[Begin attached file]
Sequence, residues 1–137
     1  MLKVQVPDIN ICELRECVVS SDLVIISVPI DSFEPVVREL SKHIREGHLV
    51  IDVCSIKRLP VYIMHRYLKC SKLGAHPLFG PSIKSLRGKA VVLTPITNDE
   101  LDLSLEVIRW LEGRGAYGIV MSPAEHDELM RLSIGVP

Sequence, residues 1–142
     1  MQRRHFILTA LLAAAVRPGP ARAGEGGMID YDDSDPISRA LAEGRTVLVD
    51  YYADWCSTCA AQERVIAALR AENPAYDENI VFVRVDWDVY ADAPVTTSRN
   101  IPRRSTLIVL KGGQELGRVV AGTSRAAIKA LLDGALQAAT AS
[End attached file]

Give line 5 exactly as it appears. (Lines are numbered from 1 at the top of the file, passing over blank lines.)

Sequence, residues 1–142